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Gene sequencing changes treatment for metabolic conditions

31 May 2016

By Rhys Baker

Appeared in BioNews 853

Genetic testing can improve the treatment of developmental delay in children when it's caused by an underlying metabolic disorder.

The small study found that genetic testing was able to pick up on these metabolic disorders, which are often treatable, after blood and urine analysis had come back negative.

Lead author Dr Clara van Karnebeek, biochemical geneticist and paediatrician at British Columbia Children's Hospital in Canada, said: 'This research is very encouraging because for a subset of patients we can identify the genetic underpinning of their intellectual disability and then determine the right intervention.'

Some metabolic disorders can cause a build-up of toxins in the body, which in turn causes cognitive and developmental delays, ranging from delayed walking to epilepsy and autism. After a traditional urine and blood screen came back negative for known metabolic diseases linked to developmental delay in 41 children, Dr. van Karnebeek’s team sequenced the genes of each patient. 

They uncovered underlying metabolic causes of developmental delay in 28 out of the 41 children. The researchers were then able to prescribe new, targeted treatments to 17 of these children. The research team also discovered 11 genes that had not previously been linked to developmental delay. This may offer a new line of enquiry for many diseases with unknown causes although Dr van Karnebeek cautions that genetic screening is 'expensive at this time, costing a couple of thousand dollars, on average.'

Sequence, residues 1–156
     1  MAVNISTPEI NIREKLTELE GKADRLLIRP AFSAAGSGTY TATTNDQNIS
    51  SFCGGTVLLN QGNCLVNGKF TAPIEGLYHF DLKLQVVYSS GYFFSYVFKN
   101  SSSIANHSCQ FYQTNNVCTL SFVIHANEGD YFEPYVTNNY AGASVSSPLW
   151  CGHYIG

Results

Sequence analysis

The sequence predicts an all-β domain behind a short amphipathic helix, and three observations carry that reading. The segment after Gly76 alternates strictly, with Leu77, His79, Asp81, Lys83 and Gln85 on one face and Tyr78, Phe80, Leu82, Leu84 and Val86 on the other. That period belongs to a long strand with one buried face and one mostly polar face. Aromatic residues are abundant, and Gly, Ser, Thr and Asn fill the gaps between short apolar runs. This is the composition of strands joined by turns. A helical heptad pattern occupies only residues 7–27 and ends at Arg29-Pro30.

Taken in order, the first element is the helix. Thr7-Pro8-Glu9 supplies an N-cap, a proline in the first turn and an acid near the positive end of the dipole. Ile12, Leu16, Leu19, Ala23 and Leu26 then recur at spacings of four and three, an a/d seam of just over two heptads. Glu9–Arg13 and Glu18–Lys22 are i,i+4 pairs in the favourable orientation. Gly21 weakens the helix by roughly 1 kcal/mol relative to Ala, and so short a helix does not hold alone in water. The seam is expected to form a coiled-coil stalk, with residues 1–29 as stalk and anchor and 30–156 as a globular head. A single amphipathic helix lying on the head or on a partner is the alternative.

Unexplained intellectual development disorder may affect up to three percent of the global population. If an underlying metabolic problem is the cause, treatment is much more straightforward. By knowing the missing nutrient, doctors can often prescribe a simple diet change or vitamin supplement to treat the symptoms.

Dr Edward McCabe, chief medical officer for the March of Dimes, told UPI: 'As sequencing gets cheaper, it's the way we need to go to identify the cause of disorders in these patients.'

The research was published in the New England Journal of Medicine.

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